Maybe the check out girl at the grocer who constants chews gum and blows bubbles. Irritating. Or perhaps the dentist that hums old show tunes while he works, rather than the Little Shop of Horrors guy. dentist_funny

The check out girl inspired a gum popping receptionist for the doctors office (in my case). There are no humming dentists in my stories yet, but perhaps it will inspire a writer to tell the story of a serial killer that hums or sings while he does his thing.

What I really enjoy is emphasizing unique characteristics and making them memorable to the reader. Regina was a hair flipper. We’ve all known a hair twirler, flipper, or chewer. Right? It’s a very memorable habit. I once had a boss that had sinus problems and he was constantly clearing his throat, every day of the year. It was really annoying. How about the boss whose hair is NEVER out of place. A perfect plastic coated football helmet. OMG. I finally asked mine what kind of hairspray she used so I wouldn’t buy it by mistake, preferring a more care free – messy look. But that’s just me.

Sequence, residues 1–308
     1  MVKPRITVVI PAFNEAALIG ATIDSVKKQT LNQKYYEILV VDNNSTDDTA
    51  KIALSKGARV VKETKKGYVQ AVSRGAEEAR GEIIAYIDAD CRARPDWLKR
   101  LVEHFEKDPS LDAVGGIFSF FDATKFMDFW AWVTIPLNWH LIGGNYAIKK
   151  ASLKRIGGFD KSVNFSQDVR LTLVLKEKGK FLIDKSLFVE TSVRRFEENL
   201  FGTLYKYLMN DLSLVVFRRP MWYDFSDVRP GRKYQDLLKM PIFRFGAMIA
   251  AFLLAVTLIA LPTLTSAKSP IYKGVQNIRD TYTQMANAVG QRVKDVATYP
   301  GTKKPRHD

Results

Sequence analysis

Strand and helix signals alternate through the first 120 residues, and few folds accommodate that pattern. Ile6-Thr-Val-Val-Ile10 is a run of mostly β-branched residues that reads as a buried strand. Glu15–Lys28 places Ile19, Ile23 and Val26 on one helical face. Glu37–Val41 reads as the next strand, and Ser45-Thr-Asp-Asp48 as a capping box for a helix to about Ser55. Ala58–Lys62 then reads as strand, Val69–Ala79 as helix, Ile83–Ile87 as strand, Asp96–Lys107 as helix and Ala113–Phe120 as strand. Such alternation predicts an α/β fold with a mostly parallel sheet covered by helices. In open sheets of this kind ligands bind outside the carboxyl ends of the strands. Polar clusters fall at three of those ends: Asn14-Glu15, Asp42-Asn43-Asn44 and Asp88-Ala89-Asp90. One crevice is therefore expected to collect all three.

ladies_50s_fashionDo you know someone whose clothing, jewelry, shoes and purse match? Not so much anymore, but when I was growing up my mom even had a belt that matched her purse and shoes for many of her outfits. She was “put together”. Now days many of us wear jeans and anything goes with jeans, right? These are the things readers will remember, too, so use them. lady_jeans

You can never tell who will inspire you to write, so be aware and watchful for that memorable character you know or see on the street. They just might inspire you.

AHA Moments of Writing